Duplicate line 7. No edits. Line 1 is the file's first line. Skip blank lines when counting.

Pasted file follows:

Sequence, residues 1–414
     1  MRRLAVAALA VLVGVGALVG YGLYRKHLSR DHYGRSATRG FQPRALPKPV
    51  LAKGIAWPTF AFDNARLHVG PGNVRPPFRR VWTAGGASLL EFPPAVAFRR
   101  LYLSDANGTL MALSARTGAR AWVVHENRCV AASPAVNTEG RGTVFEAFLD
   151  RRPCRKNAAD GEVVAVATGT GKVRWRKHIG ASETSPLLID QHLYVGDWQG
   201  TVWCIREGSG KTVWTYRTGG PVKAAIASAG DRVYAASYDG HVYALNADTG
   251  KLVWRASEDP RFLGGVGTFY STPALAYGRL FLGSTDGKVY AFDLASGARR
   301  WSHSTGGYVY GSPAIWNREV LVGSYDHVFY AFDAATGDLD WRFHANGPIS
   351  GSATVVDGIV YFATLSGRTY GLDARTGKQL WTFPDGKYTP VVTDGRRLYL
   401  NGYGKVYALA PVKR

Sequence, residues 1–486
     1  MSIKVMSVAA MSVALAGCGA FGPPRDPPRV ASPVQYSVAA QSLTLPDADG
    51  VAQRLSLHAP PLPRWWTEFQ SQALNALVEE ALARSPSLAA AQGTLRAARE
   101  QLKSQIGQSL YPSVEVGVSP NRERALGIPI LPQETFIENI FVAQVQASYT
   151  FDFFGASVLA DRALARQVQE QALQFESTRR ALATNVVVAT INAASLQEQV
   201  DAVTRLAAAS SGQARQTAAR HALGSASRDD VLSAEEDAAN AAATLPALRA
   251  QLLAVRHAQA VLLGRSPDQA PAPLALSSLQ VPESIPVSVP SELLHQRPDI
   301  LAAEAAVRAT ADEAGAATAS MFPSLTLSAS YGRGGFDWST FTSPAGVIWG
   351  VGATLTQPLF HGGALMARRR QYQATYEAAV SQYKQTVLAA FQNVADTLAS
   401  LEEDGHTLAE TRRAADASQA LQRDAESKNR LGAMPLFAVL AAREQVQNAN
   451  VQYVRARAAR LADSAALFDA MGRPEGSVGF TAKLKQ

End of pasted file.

   251  KLVWRASEDP RFLGGVGTFY STPALAYGRL FLGSTDGKVY AFDLASGARR